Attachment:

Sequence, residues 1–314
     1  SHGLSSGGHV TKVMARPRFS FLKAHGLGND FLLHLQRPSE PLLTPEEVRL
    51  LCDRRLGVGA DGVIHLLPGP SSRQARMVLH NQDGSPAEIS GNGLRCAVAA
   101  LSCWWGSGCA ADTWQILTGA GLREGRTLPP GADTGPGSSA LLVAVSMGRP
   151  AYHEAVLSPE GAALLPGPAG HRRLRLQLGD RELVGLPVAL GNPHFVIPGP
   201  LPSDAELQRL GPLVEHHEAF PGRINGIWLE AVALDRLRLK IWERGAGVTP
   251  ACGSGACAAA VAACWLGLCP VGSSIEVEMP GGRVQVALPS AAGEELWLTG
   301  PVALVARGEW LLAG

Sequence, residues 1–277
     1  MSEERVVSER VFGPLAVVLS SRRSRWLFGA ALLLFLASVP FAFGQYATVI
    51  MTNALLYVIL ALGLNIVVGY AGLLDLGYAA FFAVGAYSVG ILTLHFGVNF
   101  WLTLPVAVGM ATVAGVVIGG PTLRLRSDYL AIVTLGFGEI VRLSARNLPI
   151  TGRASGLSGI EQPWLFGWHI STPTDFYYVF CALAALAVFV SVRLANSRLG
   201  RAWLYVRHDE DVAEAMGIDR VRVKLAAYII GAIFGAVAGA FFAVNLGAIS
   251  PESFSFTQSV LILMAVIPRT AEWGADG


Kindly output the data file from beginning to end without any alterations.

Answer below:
Sequence, residues 1–314
     1  SHGLSSGGHV TKVMARPRFS FLKAHGLGND FLLHLQRPSE PLLTPEEVRL
    51  LCDRRLGVGA DGVIHLLPGP SSRQARMVLH NQDGSPAEIS GNGLRCAVAA
   101  LSCWWGSGCA ADTWQILTGA GLREGRTLPP GADTGPGSSA LLVAVSMGRP
   151  AYHEAVLSPE GAALLPGPAG HRRLRLQLGD RELVGLPVAL GNPHFVIPGP
   201  LPSDAELQRL GPLVEHHEAF PGRINGIWLE AVALDRLRLK IWERGAGVTP
   251  ACGSGACAAA VAACWLGLCP VGSSIEVEMP GGRVQVALPS AAGEELWLTG
   301  PVALVARGEW LLAG

Sequence, residues 1–277
     1  MSEERVVSER VFGPLAVVLS SRRSRWLFGA ALLLFLASVP FAFGQYATVI
    51  MTNALLYVIL ALGLNIVVGY AGLLDLGYAA FFAVGAYSVG ILTLHFGVNF
   101  WLTLPVAVGM ATVAGVVIGG PTLRLRSDYL AIVTLGFGEI VRLSARNLPI
   151  TGRASGLSGI EQPWLFGWHI STPTDFYYVF CALAALAVFV SVRLANSRLG
   201  RAWLYVRHDE DVAEAMGIDR VRVKLAAYII GAIFGAVAGA FFAVNLGAIS
   251  PESFSFTQSV LILMAVIPRT AEWGADG